Grove seeks to bring the new materialisms into IR theory specifically in the context of the present environmental crisis we find ourselves in. In doing so he argues that the very practice of geopolitics has enabled this present ecological dark age by forcing the world into a hyper modernist European-led state system he refers to as the ‘Eurocene.’ The competitive arms race and its focus on expansion or continuation through war has in effect played a major role in the climate crisis of today. He then goes through many examples of how a new framework of discussion to international affairs must be created that cuts through the assumed narratives and back to a materialism that will enable us to survive this self-inflicted misery.

I believe it would be easier to split this review into two parts-the parts I am with the author on and the parts I disagree with. First up, where me and the author agree.

I am entirely with Grove that materialism is necessary and vital in a time of terrifying natural changes and a new human-led mass extinction. And speculative realism in particular offers the best way forward to making a new school of thought in this direction. I also agree with his premise that we shape the natural world but are also products of it which are shaped in turn. Humanity is more of a process than it is a dynamic primary actor. We need to recenter how we talk about politics more in the direction of how we talk about zoology. To quote a Godspeed You! Black Emperor lyric, ‘we are trapped in the belly of this horrible machine…and the machine is bleeding to death.’ But its a machine we helped build to rule even though it rules us now. We need to stop thinking like good civilized people and realize some barbarism is exactly what we need to break our own self-inflicted misery-if that is even possible anymore. And the first step of that is rejecting anthropocentrism and civilized niceties not just in ecology but in politics.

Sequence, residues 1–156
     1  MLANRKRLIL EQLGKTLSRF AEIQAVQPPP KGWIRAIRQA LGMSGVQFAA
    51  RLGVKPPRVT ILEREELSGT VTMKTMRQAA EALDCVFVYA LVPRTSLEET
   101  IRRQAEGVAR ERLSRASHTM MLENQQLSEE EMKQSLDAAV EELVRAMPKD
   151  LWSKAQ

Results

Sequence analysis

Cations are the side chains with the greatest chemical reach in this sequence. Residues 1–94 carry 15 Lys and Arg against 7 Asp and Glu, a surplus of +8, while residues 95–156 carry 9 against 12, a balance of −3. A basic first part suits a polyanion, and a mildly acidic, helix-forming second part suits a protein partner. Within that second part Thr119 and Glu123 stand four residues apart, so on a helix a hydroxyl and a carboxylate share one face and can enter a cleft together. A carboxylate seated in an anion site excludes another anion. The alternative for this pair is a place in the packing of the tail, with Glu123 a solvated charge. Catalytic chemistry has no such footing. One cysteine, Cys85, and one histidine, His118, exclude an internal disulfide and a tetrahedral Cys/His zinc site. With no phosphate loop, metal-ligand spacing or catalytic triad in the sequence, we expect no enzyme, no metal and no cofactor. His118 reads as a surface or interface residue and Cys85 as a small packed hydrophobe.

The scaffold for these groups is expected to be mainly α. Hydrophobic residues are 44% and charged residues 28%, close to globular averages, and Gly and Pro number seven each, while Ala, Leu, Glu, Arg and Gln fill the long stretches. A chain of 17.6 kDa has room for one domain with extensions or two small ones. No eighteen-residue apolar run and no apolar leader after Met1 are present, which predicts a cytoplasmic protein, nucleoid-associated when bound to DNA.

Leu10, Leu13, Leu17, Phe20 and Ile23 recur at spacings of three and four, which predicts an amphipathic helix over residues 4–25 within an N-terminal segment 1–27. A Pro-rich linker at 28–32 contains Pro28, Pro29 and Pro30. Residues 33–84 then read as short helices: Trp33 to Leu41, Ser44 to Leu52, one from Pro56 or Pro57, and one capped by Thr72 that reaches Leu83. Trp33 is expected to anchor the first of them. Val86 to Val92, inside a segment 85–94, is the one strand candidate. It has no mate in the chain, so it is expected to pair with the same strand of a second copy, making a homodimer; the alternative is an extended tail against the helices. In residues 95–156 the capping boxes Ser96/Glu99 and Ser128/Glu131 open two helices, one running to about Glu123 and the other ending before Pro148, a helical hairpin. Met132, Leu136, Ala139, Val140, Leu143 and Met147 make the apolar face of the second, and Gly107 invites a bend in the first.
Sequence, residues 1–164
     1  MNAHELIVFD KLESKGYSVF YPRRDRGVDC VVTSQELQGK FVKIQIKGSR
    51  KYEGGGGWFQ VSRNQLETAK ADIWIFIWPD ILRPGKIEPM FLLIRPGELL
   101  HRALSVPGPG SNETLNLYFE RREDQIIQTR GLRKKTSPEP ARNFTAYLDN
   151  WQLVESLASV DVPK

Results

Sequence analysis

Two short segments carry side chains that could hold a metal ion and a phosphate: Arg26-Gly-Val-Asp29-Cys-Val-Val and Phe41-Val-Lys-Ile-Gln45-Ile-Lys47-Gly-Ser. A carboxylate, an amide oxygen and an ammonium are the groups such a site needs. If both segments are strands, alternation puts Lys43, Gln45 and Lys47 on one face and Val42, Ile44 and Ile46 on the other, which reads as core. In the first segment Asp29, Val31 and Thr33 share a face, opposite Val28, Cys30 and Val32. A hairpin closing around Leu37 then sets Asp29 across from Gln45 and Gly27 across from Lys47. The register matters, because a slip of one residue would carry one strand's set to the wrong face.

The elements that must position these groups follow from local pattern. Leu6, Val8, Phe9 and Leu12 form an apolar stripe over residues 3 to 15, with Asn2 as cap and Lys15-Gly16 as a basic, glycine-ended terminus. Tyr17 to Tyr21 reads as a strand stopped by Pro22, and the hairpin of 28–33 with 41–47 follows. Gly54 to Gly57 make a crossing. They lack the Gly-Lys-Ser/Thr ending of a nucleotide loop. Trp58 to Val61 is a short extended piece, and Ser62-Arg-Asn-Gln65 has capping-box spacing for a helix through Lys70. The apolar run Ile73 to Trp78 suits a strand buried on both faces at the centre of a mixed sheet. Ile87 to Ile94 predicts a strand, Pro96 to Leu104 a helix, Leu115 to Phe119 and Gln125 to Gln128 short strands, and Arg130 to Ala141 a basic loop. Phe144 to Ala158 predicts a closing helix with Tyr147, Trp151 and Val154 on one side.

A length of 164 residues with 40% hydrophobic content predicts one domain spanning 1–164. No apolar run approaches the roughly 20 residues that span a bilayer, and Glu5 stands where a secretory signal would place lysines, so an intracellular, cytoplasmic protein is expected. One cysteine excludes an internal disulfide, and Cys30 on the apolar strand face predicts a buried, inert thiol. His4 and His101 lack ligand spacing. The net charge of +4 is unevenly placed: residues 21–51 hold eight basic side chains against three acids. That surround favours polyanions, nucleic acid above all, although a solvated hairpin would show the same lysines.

Where I disagree with the author, however, is his very concept of the ‘Eurocene.’ If the present international state system wasn’t working for states across the globe it would be dying out, but it seems to strengthening. There is no way we are getting through what I will remain calling the anthropocene without some level of a command economy for resources and research direction for technologies. Many of these resources will be scare and will be competed over. The competitive nature of the state system means something Darwinistic is occurring, which is good as we do not yet have the answer for surviving our current era and so multiple approaches must be tried and the best will serve as models for others and the worst will die out.